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A New Company Uses Big Data To Fight Cancer (And Rethink Basketball)

Ayasdi, a new big-data firm with close ties to Stanford University and DARPA has plans to change the way researchers analyze cancer, money laundering, and professional sports.

Creating visualizations of huge data sets is big business. Companies like Palantir have been turning big-data visualization into huge profits for quite some time. One new entrant into the field, Palo Alto-based Ayasdi, just launched publicly on January 16. Ayasdi, which is a spin-off of a DARPA-funded Stanford research project and maintains close ties to the Stanford math department, uses a mathematical technique called topological data analysis to find unexpected insights for the pharmaceutical industry, the energy industry, and others. The company’s Iris platform creates visualizations of entire massive data sets, rather than smaller queries and slices.

In promotional materials, Ayasdi describes their product as a cloud-based machine learning platform that uses visualizations of massive data sets to discover unexpected patterns and connections. The company has been working in stealth mode for the past year but popped up at the MIT Sloan Sports Analytics Conference, where Ayasdi analyst Muthu Algappan argued that there are really 13 positions in basketball, not five. Instead of centers and point guards, Ayasdi’s software instead claims that coaches are better off looking at their players as "shooting ball handlers" and "scoring rebounders."

Ayasdi cofounder Gunnar Carlsson, a mathematician at Stanford University, worked on a DARPA- and National Science Foundation (NSF)-funded topological data analysis initiative aimed at improving the quality of visualizations of massive data sets. "It has become clear that topological data analysis has real-world applications—it finds insights more quickly," Carlsson told Co.Exist in an interview.

During the interview, Carlsson and CEO Gurjeet Singh mentioned that Ayasdi was already in use in numerous industries, including the energy industry, pharmaceuticals, health care, and defense. The company, however, was only comfortable discussing details of their platform’s use in pharmaceuticals and health care. Using 11 years of data mined from the Netherlands Cancer Institute-Antoni van Leeuwenhoek Hospital, Ayasdi was able to identify new, previously undiscovered populations of breast cancer survivors. Using connections and visualizations generated from the breast cancer study, oncologists can map their own patients’ data onto the existing data set to custom-tailor triage plans. In a separate study, Ayasdi helped discover previously unknown biomarkers for leukemia.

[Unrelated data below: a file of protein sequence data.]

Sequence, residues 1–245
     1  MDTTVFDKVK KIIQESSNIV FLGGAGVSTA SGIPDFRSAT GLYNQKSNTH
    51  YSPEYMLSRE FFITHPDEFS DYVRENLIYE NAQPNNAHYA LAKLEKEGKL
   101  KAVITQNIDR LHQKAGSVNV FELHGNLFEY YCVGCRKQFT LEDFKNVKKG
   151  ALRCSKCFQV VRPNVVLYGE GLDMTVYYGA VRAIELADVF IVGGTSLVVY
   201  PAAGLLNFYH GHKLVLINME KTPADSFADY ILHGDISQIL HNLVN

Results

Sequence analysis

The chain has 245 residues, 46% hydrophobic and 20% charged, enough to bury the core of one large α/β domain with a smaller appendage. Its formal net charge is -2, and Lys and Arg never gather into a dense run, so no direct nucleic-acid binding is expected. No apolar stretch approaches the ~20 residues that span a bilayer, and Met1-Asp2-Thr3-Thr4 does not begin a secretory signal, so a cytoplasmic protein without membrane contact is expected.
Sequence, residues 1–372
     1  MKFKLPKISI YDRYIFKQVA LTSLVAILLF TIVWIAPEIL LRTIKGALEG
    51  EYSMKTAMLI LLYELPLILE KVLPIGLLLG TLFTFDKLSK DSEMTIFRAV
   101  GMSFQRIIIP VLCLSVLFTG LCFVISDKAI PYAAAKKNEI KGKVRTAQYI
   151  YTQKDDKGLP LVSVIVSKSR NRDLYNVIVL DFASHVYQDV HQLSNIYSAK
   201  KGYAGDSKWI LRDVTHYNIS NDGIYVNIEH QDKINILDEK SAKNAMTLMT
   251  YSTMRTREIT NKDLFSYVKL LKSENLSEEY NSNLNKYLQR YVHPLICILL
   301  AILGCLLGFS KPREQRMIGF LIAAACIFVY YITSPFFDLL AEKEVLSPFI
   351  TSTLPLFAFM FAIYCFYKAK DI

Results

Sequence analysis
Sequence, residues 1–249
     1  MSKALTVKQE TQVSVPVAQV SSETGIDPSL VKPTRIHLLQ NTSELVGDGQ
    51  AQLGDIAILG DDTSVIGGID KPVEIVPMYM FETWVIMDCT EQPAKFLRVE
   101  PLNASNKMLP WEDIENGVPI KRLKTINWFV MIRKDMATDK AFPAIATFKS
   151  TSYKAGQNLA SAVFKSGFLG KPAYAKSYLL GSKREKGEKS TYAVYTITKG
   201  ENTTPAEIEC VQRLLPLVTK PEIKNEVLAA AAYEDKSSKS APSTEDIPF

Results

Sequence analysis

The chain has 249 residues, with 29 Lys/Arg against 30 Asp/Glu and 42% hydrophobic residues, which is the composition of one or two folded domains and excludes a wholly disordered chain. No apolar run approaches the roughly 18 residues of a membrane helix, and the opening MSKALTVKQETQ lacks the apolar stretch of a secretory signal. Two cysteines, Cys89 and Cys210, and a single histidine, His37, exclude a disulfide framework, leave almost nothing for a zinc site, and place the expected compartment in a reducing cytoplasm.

Much like Palantir, Ayasdi is also being used for counter-terrorism projects. One classified project the company’s platform is being used for involves the mining of large-scale structured and unstructured text data to find unexpected relationships; another project for a financial services client involves detecting previously unknown patterns of money laundering.

According to Singh, the company licenses its software to private parties, who are then responsible for data input. The company claims that users with no mathematical background can be trained in their software within five hours.

Sun Microsystems cofounder and venture capitalist Vinod Khosla’s Khosla Ventures, along with Floodgate, is backing Ayasdi with an initial $10 million investment. "Ayasdi’s Insight Discovery platform utilizes machine-powered intelligence to unearth important—and previously unattainable—answers that will help solve some of the most pressing global, social, and economic issues," Khosla said in a statement.

One of the biggest challenges, however, facing Ayasdi is that it is not the only data visualization firm out there. Big data firms—not even those with Stanford and DARPA ties—don’t exist in bubbles; even if the company is having good luck with its proprietary technology, visualization is big business. While Ayasdi might be concentrating on health care and pharmaceuticals, competitors lurk in other fields.

[Images: Ayasdi]

Correction: An earlier version of this article misidentified the mathematical technique used by Ayasdi. It is topological data analysis, not topographical data analysis.

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